I completed the strands for the St Andrews Award in the following order: Giving to Others, Extending your Horizons, Working for your Future, and Contributing to University Life. The St Andrews Award has supported my development and has encouraged me to complete regular tasks with a different mindset and to seek out new tasks that will help me in the future. For the first time, became the president of a university society and learned all of the responsibilities accompanying that role. In the specific case of Anza, the role of president came paired with the role of Student Ambassador to the NGO. This gave me experience working with an NGO, which improved my CV and my understanding of the relationships between NGOs and universities. The St Andrews Award will foster my development in this by encouraging me to create strong relationships with my superiors within the NGO that will aid me in attaining a career in that sector.
The St Andrews Award encouraged me to improve my employability. By applying for it, I learned to articulate the skills I developed during my internship with U.S. Senator Johnny Isakson, as society president and student ambassador of Anza, as a volunteer with Riding with the Disabled, and as a culturally aware person to future employers. I became more driven to find channels of work that will help me in the future. By participating in the St Andrews Award, I achieved a greater understanding of my strengths and weaknesses and how they will affect my future career. I aspire to overcome my weaknesses and become a more rounded person for my efforts.
While completing my first strand of the St Andrews Award, Giving to Others, with Riding with the Disabled I expected to acquire a variety of social skills would help me in my future career. These included punctuality, demonstrating responsibility, and commitment. My responsibilities as an RDA volunteer included setting up for sessions by preparing the arena and tacking up the horses and both leading the horses and walking beside the riders to ensure they followed directions and participated actively in the exercises set my the instructor.
I established four goals when I began volunteering with Riding with the Disabled and I achieved them successfully. Firstly, I aimed to assist in preparing for the sessions every week, which included setting up the arena, making sure the horses are ready on time, and ensuring that all necessary pieces of equipment were in place. Executing these activities correctly helped to ensure the session ran smoothly, safely, and on time. I achieved this and was allotted additional the responsibility of tacking up horses on my own. Secondly, I stayed for both sessions of RDA, which allowed for a faster turnover between sessions and provided the riders with a sense of continuity. Thirdly, I completed my “green card” indicating that I attained all of the necessary training to volunteer independently. Fourth and finally, I studied how the instructors formulated their plans for each session. Two instructors gained their certification while I was volunteering, so I was able to see the formation process of the session plans by studying their progress.
During my time volunteering at RDA, I was taught how to be flexible within my role in a structured work environment. Further, RDA helped me build my skill set for working around horses and with people who might be unfamiliar with horses. I experienced the importance of consistency and communication to ensure there were enough volunteers to safely conduct each session in a timely manner.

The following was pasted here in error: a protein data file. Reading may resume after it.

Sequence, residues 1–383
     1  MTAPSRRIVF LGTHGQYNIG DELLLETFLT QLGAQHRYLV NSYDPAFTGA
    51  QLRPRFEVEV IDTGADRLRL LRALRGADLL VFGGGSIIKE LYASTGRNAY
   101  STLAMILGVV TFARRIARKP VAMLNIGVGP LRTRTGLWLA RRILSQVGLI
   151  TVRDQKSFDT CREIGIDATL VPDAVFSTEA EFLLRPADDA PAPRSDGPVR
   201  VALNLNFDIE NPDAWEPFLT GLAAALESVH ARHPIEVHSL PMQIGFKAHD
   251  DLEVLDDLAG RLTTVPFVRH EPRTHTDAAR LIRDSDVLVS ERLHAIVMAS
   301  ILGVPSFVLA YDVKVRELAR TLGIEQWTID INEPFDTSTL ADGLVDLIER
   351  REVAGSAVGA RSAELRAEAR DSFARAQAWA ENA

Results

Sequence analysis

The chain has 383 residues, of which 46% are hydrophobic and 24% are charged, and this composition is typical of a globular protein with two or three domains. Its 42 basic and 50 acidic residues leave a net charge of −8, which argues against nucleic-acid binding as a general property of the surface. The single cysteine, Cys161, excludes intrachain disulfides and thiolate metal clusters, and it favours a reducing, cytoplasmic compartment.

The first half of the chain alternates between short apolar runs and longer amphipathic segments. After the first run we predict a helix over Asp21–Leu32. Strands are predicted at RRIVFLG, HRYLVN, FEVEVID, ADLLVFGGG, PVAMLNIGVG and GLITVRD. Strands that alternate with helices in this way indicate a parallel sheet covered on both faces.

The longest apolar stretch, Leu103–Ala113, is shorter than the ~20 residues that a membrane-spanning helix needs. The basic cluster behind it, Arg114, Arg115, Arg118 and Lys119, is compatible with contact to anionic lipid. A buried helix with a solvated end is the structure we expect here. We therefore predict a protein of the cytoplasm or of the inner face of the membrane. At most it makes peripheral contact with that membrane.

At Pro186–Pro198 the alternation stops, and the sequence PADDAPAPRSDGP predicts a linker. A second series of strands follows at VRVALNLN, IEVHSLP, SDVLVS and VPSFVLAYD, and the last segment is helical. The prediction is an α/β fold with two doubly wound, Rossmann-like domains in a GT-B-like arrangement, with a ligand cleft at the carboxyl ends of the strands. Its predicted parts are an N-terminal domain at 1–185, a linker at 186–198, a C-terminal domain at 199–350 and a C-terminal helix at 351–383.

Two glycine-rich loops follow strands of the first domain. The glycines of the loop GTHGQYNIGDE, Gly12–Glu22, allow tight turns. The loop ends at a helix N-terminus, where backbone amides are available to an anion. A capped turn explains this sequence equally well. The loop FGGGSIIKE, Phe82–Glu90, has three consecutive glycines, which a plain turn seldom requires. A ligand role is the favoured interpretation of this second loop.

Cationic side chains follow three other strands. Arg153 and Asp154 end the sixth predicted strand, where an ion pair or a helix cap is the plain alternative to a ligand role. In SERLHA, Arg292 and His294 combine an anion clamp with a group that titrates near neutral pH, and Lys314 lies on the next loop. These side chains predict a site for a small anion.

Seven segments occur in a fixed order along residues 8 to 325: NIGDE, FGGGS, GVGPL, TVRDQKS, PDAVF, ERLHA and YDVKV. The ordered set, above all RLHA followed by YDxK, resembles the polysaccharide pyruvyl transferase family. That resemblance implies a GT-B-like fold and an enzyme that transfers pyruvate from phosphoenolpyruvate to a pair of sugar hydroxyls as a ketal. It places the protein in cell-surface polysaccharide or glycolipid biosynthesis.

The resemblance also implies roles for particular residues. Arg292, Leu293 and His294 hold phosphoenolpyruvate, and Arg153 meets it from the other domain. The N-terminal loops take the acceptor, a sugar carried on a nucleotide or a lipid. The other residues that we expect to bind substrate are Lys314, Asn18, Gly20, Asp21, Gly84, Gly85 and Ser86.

Whilst completing the ‘Extending your Horizons’ strand, I attempted to grasp the intricacies of travel and culture. I hoped to be able to interact more with business people, instead I learned more about the ways in which culture influences people and how working people manage in cosmopolitan cities that are often frequented by non-business people. I maintained four goals: to understand new ways of thinking that were directly linked to culture, to experience culture and understand how it influences individuals, to understand how locals, or residents, work in culturally dependent environments, and to successfully coordinate transportation and itineraries for myself and for part of the way, a friend.
I was most successful in achieving my goal of how the populations of local and business people interact around non-professional groups. I observed that they accounted for tourists, solicitors, and others into their daily routines by taking different routes. This enabled me to gain some insight into what sort of working environment I might enjoy in the future as I am attracted to cities with history and culture that often attract holiday goers. It also proved my theory that it is possible to maintain professional, yet relaxed relationships despite any setting.
I accomplished coordinating my own transportation, after a few setbacks, and organizing my travel on a trip. My mistakes in reading the train schedules taught me to plan ahead. Further, I coordinated with various airlines during the strike on the day I intended to leave Italy.
I acquired insight as to how culture influences professionals during this two-week period. In Luxembourg, where the number of languages spoken was very clearly a product of the country’s history and location, this was particularly applicable. Throughout my travels, I observed business people walking to work and having leisurely lunch breaks in comparison to what I have noticed in the US and the UK. I also noticed many more people taking business calls outside or over long lunches out of the office.
This opportunity has not only broadened my horizons, but it has informed me as to a type of place I would like to live and work in in the future. I consider traveling as a form of education and I certainly hope to travel more during my studies at St Andrews. As I am studying International Relations, I need the education from travelling and from academia to succeed in my future professional environment.